I realize our telepathic bond had disappeared slowly, faded softly away, until I feel nothing. Nothing.

Now I hear the echoing sound of thunder from a distant storm over Lake Erie, although here the sun is shining.

Jacob arrives escorted by his fifth grade teacher, who leaves to go back to the classroom. He's wearing his coat and carrying his backpack, ready to get out of school. Often I'd pick him up early just to go on an adventure on a sunny day. On his lapel he sports a red ribbon: I take in a deep breath when I realize it's awarded for the DARE program: Drug Abuse Resistance Education.

Last night my friend lost two baby teeth. He gives a wry smile, and I notice the gaps. Using slight-of-hand, Jake produces a toothpick in air, and then a snap of his fingers and it's gone. I manage a grin of sorts.

"Look at this, Grandmamma." He flips both eyelids up exposing full eyeballs.

Mrs. White gives out a gasp.

Lids replaced to normal, he studies Mrs. White intently as she introduces herself to Jacob as a psychiatrist. I do nothing to dispel his impression that a psychiatrist is someone to whom you demonstrate your psychic abilities.

I've got the comfy chair against the wall. Mrs. White stands awkwardly as Jacob goes immediately to her desk, centered on the window. On it are displayed several clay figures. He picks up an elephant. "You made this," he says to Mrs. White.

With a slight nod of her head, she acknowledges this truth.

Replacing the elephant, Jacob picks up a vase. "A child made this," and after looking at it intently, he observes, "Red hair. A boy." He holds the vase in both hands and considers. "Your son—his name begins with a B—he made this for you."

Mrs. White admits, "The only child God ever gave me."

"I know," says Jake.

The psychiatrist lowers herself into the chair behind the desk and offers, "Let me explain, Jacob, why you are here."

Jacob says patiently, "I know why I came here."

I tell Mrs. White, "He means he understands why he came into this world. His life purpose. And his curse."

Looking past the psychiatrist, I see a ball out on the playground; it rolls about fifty feet, then lifts in air. It floats.

Mrs. White smiles. "No, you see, Jacob, I'm a doctor of mental health."

"There are four kinds of health," Jacob explains to the psychiatrist, and he's soft and innocent and older than Mrs. White. "Physical, social, mental, and spiritual. I'm physically healthy. Socially, I have friends. I have intimate and successful relationships with others, who I support and who support me. Mentally, I have a very high IQ; I pass scholastically. I understand that the collective is higher than the individual. There is a spiritual component to the universe, and I have my place in it, and a purpose: to love."

My senses overlap, and I sense the word love with sight. It is in air. It's reddish orange, and moving toward me with the emotion of sorrow.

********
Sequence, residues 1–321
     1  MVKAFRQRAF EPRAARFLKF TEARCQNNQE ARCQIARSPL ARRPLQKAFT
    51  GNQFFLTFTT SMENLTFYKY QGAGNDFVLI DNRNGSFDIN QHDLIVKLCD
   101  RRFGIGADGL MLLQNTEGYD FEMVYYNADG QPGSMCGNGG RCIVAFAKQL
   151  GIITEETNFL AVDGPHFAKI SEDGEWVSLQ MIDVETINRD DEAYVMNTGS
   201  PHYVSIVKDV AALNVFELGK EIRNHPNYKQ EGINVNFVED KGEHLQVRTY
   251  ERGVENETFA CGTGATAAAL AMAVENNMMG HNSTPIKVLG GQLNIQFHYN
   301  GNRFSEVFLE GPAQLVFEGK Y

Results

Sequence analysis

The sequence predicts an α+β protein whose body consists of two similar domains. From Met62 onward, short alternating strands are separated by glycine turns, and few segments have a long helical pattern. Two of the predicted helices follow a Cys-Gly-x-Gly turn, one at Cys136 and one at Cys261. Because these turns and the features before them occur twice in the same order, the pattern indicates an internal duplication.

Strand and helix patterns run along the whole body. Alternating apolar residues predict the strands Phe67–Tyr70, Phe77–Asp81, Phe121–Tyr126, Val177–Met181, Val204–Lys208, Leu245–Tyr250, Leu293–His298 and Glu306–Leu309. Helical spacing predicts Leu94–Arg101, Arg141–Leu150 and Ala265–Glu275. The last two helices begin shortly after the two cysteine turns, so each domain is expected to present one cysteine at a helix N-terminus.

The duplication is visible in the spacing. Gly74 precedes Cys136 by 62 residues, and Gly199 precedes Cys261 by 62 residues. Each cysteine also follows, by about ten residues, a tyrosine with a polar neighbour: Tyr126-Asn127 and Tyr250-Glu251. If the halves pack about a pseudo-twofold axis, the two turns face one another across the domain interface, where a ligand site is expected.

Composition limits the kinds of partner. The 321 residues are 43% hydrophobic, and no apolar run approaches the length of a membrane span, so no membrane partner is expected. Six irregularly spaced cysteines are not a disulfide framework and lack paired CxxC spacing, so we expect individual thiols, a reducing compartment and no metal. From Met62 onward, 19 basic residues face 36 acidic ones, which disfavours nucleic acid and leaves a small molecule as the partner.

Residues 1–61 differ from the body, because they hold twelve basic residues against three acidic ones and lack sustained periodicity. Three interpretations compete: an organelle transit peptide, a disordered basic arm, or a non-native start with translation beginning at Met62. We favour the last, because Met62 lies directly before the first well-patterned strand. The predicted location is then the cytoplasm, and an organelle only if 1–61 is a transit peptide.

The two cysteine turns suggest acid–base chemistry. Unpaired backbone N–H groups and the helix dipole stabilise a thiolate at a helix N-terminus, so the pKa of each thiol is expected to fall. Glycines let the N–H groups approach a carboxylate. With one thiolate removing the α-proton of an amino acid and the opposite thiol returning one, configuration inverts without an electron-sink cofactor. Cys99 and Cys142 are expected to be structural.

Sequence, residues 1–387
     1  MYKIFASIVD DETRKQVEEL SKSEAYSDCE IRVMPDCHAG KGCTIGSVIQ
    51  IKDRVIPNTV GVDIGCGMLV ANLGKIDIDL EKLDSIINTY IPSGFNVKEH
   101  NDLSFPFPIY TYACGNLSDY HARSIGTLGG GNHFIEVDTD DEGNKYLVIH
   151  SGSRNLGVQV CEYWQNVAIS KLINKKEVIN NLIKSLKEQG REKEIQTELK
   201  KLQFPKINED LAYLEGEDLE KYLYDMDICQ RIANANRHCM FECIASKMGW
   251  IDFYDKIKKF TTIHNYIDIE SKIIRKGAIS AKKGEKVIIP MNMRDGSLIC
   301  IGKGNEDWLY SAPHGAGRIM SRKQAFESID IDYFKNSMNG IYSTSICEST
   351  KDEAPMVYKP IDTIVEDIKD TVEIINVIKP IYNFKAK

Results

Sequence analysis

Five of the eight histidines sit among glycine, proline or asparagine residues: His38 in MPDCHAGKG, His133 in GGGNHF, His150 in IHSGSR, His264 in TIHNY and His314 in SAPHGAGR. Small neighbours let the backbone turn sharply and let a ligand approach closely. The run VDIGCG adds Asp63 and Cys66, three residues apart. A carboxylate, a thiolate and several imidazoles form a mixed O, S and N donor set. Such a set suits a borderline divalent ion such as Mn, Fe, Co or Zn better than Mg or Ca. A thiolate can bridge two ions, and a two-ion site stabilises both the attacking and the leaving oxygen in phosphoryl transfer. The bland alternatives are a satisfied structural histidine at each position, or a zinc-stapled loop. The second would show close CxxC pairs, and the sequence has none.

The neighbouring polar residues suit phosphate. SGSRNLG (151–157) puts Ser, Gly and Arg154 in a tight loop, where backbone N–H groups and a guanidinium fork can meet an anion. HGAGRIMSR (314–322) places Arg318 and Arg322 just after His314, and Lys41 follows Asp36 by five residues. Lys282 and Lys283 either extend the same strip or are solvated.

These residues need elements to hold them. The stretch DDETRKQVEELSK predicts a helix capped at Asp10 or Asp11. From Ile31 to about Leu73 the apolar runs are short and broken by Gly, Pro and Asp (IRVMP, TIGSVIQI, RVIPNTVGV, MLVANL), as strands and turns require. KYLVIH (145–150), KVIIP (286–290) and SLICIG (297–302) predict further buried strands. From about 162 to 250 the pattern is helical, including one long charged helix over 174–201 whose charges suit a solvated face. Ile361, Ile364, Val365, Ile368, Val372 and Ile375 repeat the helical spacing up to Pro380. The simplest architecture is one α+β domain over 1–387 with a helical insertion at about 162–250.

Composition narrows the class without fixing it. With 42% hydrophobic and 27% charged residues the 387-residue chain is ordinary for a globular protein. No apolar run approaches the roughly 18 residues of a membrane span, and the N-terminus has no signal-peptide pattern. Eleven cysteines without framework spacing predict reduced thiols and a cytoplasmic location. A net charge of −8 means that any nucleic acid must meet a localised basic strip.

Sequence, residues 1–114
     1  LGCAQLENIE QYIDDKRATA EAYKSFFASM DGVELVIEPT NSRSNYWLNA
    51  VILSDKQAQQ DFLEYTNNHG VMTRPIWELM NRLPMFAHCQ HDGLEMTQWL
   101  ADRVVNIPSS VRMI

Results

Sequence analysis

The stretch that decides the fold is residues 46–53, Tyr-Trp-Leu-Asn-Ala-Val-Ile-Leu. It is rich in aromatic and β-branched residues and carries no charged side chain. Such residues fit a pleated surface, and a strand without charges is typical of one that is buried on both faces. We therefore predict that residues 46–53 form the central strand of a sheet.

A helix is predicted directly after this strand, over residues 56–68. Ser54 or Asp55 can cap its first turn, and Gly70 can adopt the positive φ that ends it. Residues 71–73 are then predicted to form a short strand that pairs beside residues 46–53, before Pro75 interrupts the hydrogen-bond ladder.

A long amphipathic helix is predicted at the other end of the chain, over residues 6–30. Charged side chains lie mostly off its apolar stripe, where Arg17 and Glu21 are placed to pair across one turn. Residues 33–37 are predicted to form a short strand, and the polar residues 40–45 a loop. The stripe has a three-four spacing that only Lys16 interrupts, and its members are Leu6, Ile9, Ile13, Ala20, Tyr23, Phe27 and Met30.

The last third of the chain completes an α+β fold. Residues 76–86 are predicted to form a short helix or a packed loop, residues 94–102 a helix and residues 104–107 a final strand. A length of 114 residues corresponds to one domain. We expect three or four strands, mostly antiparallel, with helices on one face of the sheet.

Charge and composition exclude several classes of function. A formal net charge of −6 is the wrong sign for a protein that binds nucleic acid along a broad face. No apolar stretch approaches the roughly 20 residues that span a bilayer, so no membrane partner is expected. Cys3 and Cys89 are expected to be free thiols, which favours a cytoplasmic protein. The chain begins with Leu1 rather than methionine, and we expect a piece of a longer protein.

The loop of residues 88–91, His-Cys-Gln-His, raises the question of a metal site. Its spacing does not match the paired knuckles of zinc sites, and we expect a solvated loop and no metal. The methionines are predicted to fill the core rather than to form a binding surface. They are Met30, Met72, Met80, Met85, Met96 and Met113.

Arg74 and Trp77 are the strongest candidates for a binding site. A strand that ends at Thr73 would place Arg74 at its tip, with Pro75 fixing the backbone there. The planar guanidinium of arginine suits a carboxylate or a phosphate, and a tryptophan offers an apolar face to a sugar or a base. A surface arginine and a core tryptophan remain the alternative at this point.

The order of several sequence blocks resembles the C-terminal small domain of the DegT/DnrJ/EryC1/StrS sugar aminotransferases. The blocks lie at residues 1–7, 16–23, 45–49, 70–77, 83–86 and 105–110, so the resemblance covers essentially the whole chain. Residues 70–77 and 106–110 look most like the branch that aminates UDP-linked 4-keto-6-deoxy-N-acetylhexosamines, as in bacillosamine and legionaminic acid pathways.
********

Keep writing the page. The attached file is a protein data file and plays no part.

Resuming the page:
I'm the one who loves unconditionally; like Santa Claus, I give without receiving. I'd tell Jake, "I love you more than anyone," and his mother would take it that I meant I loved him more than she loved him. I love you more, she'd tell him.

I changed his diapers, I do his homework, and I was at school for Mother's Day. I'd slip her a ten to give him for his birthday, and she'd keep it and tell him she'd put another hundred dollar bill in his bank, hidden where no one can steal it. Or see it. I'd pay for the zoo and let her get him pop and a balloon; I'd stand contemplating the ape, his sorrow at being confined, while Jacob and his mom laughed at the naughty prairie dogs.

Jacob loves his mother the most, more than anyone, more than me.

And the stupid bitch went and killed herself.

In an instant, the sun is replaced by darkness. A flash of lightning, and hail pelts the window in an Erie Lake effect. Thunder rumbles, and the Earth trembles, like it's having a hard bowel movement.

"Why your Grandmother and I wanted to talk to you?" says Mrs. White, with perfect professional empathy and a question mark at the end.

"I have an eating disorder," Jake guesses. Round face, round features, hair in his eyes as an avoidance to intimacy. "I'm having a vision!" His eyes track space behind his bangs, then he has it: "Fifty nine, fifty nine!"

Our eyes meet. I hold my arms out to him. He takes a small, awkward step toward me. I make a grab and pull him onto my lap. Cradle him book bag and all, and at age ten, he's almost as big as I am.

He is my heart.

Trying to impress the psychiatrist, Jake relies on the expanded awareness shared by all Erie. "Déjà vu," he breathes. "I'm experiencing the reincarnation of another person."

"Your mother is dead," I tell him.

Thunder in sonic booms. The wind is Lyn force, the world flickers in brilynant lynight.

Jacob is bathed in an indigo aura. He pales, enhancing stark freckles on thin, white skin. A sudden sweat, and now blue veins begin to throb in his neck and forehead.